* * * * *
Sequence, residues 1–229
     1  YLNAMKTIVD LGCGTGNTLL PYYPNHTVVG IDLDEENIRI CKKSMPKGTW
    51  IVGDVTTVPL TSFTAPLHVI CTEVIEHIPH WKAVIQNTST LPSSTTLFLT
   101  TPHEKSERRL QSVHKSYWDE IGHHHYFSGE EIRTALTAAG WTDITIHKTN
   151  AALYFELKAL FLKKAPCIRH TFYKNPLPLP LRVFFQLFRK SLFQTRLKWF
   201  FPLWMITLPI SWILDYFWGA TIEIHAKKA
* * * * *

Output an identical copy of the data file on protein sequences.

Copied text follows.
Sequence, residues 1–229
     1  YLNAMKTIVD LGCGTGNTLL PYYPNHTVVG IDLDEENIRI CKKSMPKGTW
    51  IVGDVTTVPL TSFTAPLHVI CTEVIEHIPH WKAVIQNTST LPSSTTLFLT
   101  TPHEKSERRL QSVHKSYWDE IGHHHYFSGE EIRTALTAAG WTDITIHKTN
   151  AALYFELKAL FLKKAPCIRH TFYKNPLPLP LRVFFQLFRK SLFQTRLKWF
   201  FPLWMITLPI SWILDYFWGA TIEIHAKKA